• May not possess a strong personality but will exude the illusion of selflessness.
  • It is normally only in personal relationships that the narcissist's lack of empathy and support give evidence to his limitations and impaired functioning.
  • Anger is generally expressed in a passive aggressive manner.
Narcissists are attracted to professions that will give them the narcissistic gains that they must have in order to survive (admiration, affirmation, control, power, recognition--worship).  Many pastors and homeschool/ministry leaders meet the diagnostic criteria for NPD.  Covert narcissists are almost impossible to identify prior to getting involved with them--they are such masters of disguise and pretense.  And all the while they are using and abusing you, they are quite skillfully convincing you that the discomfort you are feeling is your own fault--it is due to some failure or character defect that is in you.  Or worse, it is due to a lack of faith, sin or a spiritual problem.  After all, God is the Ultimate Big Stick and abusers are not hesitant to use Him if it helps them gain power over those within their congregations, homes or families.

I was married for over three decades to a man who was highly esteemed in his professional arena.  He destroyed his career and our family when he was arrested for possession of child pornography.  His subsequent diagnosis as a pedophile was shocking, but I must admit not nearly as difficult as learning that he meets all of the diagnostic criteria for NPD.  Pedophilia stole the future and financial security that I expected to have but narcissism  has stolen my past--the life and marriage I thought I had.  Every memory, both good and bad must now be reframed through the lens of narcissism.  Even with an advanced degree in a helping profession, I could not see his narcissism--that is how confusing and crazy-making covert narcissism is.  Those who know him would probably describe him as a quiet, sensitive man with a quirky sense of humor.  That is how I described him for years.  But, he is a narcissist, pure and simple.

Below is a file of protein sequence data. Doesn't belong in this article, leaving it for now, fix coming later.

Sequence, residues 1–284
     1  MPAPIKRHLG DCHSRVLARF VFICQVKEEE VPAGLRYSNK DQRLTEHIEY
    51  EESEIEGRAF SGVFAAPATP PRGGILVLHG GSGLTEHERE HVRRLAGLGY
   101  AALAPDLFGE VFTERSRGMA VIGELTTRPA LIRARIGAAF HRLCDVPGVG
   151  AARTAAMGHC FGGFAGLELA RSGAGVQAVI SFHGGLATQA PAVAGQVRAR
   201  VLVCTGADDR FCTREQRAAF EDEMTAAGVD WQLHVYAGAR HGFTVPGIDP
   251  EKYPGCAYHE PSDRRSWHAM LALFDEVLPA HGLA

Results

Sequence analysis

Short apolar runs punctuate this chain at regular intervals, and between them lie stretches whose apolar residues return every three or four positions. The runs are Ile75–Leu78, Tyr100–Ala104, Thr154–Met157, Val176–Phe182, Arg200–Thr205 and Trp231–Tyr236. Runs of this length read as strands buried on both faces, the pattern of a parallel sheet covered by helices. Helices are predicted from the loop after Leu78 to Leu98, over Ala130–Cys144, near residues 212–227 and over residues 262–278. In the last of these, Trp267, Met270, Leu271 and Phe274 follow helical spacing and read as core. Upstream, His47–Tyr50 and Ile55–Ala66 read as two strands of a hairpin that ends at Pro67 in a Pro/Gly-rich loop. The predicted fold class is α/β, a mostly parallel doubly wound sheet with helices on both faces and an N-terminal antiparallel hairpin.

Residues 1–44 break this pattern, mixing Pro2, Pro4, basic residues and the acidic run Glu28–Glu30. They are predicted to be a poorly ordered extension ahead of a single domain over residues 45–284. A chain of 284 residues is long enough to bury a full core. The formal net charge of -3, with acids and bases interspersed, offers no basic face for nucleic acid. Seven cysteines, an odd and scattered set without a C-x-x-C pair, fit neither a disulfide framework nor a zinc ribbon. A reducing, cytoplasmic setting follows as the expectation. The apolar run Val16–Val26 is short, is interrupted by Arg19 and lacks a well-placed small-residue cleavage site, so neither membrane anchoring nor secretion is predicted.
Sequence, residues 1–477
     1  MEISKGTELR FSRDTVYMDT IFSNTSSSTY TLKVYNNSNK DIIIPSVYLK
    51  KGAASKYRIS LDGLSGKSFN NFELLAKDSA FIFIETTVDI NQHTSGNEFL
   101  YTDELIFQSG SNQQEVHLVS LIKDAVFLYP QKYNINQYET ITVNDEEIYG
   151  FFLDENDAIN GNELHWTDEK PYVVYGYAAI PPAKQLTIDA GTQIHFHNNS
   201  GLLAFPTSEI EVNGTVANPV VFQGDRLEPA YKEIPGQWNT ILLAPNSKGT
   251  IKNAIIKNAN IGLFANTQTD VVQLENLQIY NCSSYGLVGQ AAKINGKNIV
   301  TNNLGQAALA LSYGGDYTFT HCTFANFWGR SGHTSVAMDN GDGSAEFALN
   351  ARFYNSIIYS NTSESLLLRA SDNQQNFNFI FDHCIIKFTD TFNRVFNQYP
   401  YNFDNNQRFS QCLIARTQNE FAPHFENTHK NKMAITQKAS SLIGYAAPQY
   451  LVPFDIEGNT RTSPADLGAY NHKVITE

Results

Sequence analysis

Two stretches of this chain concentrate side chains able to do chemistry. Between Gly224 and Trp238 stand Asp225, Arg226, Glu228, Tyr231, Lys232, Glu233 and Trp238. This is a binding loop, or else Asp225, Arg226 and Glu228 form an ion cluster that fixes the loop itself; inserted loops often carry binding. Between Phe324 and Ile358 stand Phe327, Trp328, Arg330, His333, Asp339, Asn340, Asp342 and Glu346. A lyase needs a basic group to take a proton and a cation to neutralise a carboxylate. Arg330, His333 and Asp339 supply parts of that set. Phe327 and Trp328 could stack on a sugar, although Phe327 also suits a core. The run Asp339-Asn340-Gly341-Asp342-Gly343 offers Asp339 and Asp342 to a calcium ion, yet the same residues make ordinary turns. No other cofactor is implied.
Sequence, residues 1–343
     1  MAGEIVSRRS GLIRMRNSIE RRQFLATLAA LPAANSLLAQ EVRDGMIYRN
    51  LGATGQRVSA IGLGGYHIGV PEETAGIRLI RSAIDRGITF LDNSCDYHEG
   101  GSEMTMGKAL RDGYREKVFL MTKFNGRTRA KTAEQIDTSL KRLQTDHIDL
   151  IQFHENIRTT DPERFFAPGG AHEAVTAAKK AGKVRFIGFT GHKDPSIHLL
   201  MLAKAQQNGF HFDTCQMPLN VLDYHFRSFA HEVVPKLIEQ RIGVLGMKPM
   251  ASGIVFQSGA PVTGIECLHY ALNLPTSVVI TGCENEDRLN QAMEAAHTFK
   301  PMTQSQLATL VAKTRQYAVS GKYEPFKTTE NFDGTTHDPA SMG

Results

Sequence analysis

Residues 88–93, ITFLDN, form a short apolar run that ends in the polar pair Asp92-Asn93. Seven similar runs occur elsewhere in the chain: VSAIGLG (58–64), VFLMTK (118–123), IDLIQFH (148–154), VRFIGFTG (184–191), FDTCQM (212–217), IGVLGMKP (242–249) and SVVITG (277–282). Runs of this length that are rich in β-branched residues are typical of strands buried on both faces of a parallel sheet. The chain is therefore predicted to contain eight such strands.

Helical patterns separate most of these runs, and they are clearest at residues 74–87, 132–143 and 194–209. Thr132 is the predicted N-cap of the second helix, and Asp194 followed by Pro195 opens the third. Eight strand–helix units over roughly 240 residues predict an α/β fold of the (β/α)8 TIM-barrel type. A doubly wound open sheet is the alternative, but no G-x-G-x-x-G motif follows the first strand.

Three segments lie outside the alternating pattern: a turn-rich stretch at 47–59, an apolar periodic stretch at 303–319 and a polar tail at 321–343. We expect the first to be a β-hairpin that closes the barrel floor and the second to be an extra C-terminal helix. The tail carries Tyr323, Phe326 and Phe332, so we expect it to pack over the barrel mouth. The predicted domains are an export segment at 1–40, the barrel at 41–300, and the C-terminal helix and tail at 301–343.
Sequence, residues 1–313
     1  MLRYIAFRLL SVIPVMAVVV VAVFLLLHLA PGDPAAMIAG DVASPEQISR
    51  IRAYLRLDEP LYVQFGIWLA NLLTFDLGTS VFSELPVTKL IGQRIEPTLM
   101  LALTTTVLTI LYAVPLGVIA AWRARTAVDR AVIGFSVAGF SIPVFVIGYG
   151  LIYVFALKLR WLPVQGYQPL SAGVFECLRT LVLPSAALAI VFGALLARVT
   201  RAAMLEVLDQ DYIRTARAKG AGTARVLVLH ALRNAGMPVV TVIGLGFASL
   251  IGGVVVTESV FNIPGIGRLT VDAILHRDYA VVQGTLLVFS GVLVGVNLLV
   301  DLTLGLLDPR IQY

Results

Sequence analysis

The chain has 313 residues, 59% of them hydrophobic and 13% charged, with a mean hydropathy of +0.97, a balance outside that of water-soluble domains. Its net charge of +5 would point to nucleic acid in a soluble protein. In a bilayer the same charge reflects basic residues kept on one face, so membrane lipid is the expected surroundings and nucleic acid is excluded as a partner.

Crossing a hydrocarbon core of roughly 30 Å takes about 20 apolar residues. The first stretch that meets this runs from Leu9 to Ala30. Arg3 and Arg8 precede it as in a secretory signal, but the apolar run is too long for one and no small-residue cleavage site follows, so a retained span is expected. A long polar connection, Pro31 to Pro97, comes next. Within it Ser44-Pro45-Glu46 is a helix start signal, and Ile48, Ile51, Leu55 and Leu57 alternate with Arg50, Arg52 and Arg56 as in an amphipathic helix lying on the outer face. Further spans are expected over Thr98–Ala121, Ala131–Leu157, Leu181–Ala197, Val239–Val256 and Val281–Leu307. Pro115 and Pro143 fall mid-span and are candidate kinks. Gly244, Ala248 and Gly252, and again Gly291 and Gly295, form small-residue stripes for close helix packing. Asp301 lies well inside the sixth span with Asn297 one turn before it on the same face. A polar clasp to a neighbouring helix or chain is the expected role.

Recovery from involvement with a narcissist takes time, as I am discovering.  It involves letting go of many distortions of truth and blame that were given over the years--a "learning and unlearning," as Jim Cole writes.  Unlearning those truths I believed about myself because the man I loved told me they were true--and learning who I really am--my strengths, weaknesses and true value.  My greatest fear is that I will fail to learn these lessons and find myself involved with another narcissist at some point in the future.  I know how easy it is to fall prey to their skillful manipulation.  The goal is to recognize the narcissism earlier than I have in the past and to get myself to a safe place more quickly than I did in my marriage.  Regardless of whether the narcissist in our life is an overt or covert one, the outcome is always the same--the relationship becomes incredibly painful, one-sided and exploitative.  The choice, though agonizing, is quite simple--we must leave, separate, get away from the exploitative narcissistic person.  They will not change because from their perspective, the whole world may be wrong but they are absolutely right.

**Excellent resource:  The Wizard of Oz and Other Narcissists, Eleanor Payson, MSW, Julian Day Publications, 2002.